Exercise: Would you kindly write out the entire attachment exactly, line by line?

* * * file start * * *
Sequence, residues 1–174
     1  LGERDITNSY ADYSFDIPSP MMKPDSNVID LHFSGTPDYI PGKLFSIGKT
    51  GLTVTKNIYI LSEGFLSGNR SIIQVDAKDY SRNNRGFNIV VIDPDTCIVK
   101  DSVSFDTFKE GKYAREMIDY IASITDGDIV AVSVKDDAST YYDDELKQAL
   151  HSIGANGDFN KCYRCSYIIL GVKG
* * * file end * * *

Sequence, residues 1–174
     1  LGERDITNSY ADYSFDIPSP MMKPDSNVID LHFSGTPDYI PGKLFSIGKT
    51  GLTVTKNIYI LSEGFLSGNR SIIQVDAKDY SRNNRGFNIV VIDPDTCIVK
   101  DSVSFDTFKE GKYAREMIDY IASITDGDIV AVSVKDDAST YYDDELKQAL
   151  HSIGANGDFN KCYRCSYIIL GVKG